If we’re right, these organizations (U.S. Army Natick and PEO Soldier) are working against the best interest of our infantry warfighters, because they’re keeping them from receiving the best ballistic protection that’s currently available--technology that could better protect them from enemy ballistic threats. And, the worst part is, they’re doing this during wartime. If we’re correct in our assessment, then the actions we’ve described could actually rise to the level of treason. We don’t use the “T” word lightly. The actions that have been taken so far by certain individuals are potentially criminal and thus prosecutable acts. Our warfighters’ lives are at stake (again, during wartime). Remember, our infantry warfighters are currently suffering approx. 95% of all combat casualties in Iraq and Afghanistan (and anywhere else in the world, for that matter), so they deserve the best weapons and ballistic protection they can get. In our opinion, as well as the opinions of a number of military and PSC/PMC professionals we’ve spoken with, Interceptor simply ain’t it, and SOV/Dragon Skin is (the best existing body armor for anti-rifle protection).
Murray Neal, Pinnacle’s CEO, recently told DefenseReview that "Pinnacle Armor has a standing invitation for the U.S. Army to do a side-by-side [live-fire test of Dragon Skin body armor vs. Interceptor body armor], that when the smoke clears, that the Army agrees that whatever's left standing without holes in it gets outfitted to the Army soldiers [immediately]--and the Interceptor won't be that system . They can put the best Interceptor body armor they have, and we'll put ours [Dragon Skin] next to it...[reiterates challenge]". Mr. Neal added that information (written ballistic test data and video footage) to Pinnacle's level IV SOV/Dragon Skin would of course have to remain classified (as it is, currently). Pinnacle Armor's Level III/III+ Dragon Skin has not been classified by the U.S. military.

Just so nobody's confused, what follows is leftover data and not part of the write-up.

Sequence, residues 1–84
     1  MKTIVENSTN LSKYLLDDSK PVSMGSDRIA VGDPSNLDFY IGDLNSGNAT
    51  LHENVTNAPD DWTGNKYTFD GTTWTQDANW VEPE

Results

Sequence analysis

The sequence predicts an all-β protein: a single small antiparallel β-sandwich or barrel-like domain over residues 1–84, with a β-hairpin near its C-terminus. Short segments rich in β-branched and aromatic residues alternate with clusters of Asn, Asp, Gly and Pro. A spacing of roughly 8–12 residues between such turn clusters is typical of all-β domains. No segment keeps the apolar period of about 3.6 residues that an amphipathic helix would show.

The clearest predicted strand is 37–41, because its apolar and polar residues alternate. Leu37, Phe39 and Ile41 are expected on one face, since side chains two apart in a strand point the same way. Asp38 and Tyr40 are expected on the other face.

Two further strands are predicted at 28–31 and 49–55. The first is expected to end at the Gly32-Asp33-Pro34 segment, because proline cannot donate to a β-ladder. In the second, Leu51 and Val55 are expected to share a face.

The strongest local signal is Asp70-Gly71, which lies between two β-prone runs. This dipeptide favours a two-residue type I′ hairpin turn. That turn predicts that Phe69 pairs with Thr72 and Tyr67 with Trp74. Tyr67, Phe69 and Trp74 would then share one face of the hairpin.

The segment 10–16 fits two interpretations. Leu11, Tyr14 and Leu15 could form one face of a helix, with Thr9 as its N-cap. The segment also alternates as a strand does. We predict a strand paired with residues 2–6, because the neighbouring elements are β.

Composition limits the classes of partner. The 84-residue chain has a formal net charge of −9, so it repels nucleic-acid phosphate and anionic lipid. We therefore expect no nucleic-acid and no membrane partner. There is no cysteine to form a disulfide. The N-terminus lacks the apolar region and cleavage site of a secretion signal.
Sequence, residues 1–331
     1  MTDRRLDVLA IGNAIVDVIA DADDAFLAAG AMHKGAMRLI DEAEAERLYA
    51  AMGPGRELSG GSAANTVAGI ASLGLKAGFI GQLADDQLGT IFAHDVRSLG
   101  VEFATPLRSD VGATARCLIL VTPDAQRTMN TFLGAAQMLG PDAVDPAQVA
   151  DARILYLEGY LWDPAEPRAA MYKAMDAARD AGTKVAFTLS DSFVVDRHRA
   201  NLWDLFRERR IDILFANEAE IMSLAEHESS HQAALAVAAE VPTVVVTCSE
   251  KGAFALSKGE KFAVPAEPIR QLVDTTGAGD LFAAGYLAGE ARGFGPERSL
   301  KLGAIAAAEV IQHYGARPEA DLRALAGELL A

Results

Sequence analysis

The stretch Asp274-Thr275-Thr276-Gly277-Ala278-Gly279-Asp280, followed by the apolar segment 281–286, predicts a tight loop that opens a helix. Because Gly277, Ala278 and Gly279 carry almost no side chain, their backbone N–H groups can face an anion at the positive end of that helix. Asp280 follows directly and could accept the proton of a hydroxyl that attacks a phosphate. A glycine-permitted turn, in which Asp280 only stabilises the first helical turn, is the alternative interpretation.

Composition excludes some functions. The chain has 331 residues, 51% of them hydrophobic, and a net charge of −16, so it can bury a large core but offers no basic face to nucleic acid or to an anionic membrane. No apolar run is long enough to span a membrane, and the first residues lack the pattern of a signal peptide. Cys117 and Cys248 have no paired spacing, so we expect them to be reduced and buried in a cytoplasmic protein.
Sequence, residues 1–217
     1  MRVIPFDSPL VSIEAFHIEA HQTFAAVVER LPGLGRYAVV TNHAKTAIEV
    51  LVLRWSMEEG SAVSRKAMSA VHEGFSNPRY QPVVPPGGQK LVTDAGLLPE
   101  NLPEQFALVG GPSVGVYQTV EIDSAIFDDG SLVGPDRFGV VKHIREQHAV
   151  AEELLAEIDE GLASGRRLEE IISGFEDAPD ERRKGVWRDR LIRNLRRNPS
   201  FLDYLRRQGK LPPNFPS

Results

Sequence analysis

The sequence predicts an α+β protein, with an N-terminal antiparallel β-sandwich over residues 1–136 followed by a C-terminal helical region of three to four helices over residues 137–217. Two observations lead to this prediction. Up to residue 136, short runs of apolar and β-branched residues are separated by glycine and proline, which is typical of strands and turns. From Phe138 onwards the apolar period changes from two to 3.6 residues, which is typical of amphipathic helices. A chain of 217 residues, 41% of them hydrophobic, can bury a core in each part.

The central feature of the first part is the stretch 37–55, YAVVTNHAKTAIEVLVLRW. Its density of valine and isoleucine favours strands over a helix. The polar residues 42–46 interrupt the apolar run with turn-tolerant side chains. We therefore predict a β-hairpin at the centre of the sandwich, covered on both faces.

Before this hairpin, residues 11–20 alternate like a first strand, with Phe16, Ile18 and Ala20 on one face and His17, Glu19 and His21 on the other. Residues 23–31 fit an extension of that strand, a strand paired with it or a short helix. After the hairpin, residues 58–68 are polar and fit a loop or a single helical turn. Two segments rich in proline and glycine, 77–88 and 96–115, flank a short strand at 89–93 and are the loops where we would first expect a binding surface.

"If someone finds the holy grail we will be right there to back up the dump truck and buy it," Sorenson has said. Defense Review would like to believe him (for the sake of our troops).
However, as much as we’d like to see the U.S. Army take Pinnacle Armor up on Mr. Neal’s challenge (under fair and video-taped conditions, with Pinnacle Armor representatives and independent witnesses present), we’re guessing they won’t. It’s our belief that they can’t, because Dragon Skin will beat Interceptor hands down, and they know this. If this were to happen, it could potentially prove fatal to the Interceptor body armor program—and Natick and PEO won’t allow that to happen.